St. Stephen’s Basilica
St. Stephen’s Basilica of Budapest is one of the most impressive churches and leading tourist attractions in Hungary. The Basilica is dedicated to St. Stephen (King Stephen I of Hungary r. 1001 -1038) who was also the founder of the Hungarian state and the one who consolidated the Christian faith in Hungary.
The church construction commenced in 1851, based on the drawings of József Hild, a leading architect of Pest, who also designed the cathedrals in Esztergom and Eger. József Hild supervised the works until his death as of March 6, 1867. After his death the Council of the City of Pest appointed Miklós Ybl, a designer of numerous public buildings in the capital city (including the Opera House) to continue to supervise the design and construction of the Basilica. After his death, the interior of the building and the fine artistic and decorative works were assigned to József Kauser who a few months later was forced to cope with the collapse of the cupola due to some defects in materials and craftmanship.
The pillars holding the arches of the cupola were constructed with donated stones of assorted quality and solidity. The cupola drum was built on the inner rim of the arches underpinning it, resulting in a precariously balanced structure which distributed the load unevenly on the pillars.
The imbalance of the structure in turn gave rise to the collapse, after which works paused for more than a year, when the removal of the debris and the demolition of the poorly constructed parts commenced and continued until 1871. Miklós Ybl prepared new designs for continuing the construction works or revised the previous ones in terms of the structure and the appearance alike.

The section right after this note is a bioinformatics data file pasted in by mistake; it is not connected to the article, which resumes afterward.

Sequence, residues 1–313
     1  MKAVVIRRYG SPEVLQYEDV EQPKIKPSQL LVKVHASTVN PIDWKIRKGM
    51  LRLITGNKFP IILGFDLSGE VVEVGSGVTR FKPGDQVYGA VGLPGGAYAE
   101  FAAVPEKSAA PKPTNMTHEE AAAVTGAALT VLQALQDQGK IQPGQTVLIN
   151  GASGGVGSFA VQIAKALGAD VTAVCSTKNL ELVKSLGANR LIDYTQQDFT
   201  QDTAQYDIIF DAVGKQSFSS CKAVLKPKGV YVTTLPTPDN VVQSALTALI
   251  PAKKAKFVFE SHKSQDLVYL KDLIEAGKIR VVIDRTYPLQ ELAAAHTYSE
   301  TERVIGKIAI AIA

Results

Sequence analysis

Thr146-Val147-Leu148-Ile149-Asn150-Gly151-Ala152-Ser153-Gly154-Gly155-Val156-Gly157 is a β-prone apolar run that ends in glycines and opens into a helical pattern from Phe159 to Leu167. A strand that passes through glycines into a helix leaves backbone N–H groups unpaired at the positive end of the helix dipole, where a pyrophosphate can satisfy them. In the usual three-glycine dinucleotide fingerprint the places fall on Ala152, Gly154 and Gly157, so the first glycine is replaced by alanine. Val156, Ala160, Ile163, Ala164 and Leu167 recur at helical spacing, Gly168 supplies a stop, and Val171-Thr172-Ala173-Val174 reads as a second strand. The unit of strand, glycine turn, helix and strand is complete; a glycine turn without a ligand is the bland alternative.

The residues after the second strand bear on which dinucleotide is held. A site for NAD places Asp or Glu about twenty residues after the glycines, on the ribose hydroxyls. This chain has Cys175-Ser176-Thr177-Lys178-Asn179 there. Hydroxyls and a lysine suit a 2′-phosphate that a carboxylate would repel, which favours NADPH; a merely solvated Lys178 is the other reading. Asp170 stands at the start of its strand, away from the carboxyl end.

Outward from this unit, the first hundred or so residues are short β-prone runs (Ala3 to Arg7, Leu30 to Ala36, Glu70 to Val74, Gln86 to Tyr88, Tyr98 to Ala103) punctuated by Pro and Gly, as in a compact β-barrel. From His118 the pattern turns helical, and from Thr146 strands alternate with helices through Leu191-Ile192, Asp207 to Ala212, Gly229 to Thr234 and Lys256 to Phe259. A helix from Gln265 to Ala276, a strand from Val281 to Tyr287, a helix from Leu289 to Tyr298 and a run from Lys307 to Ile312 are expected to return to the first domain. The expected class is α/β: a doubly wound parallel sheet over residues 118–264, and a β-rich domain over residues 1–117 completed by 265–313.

From 1875, the Hellenistic forms and Classicist style were replaced by Neo-Renaissance elements applied by Ybl, and works continued, even after his death of 1891, according to his sketches and ideas until the long-last dedication of the church in 1905.
(Source: A Szent István Bazilika, Budapest 1989.)
Today you can visit St. Stephen’s Basilica for free although we would recommend a guided tour that will take you through the treasury featuring the relic of Stephen King’s hand and up on the panorama lookout tower if you happen to be visiting during the Summer months. You could also combine your visit with an Organ Concerts, given once a week by a virtuoso of the kind. The adjacent square offers a number of choices for a coffee, a drink or a bite if you’re hungry. More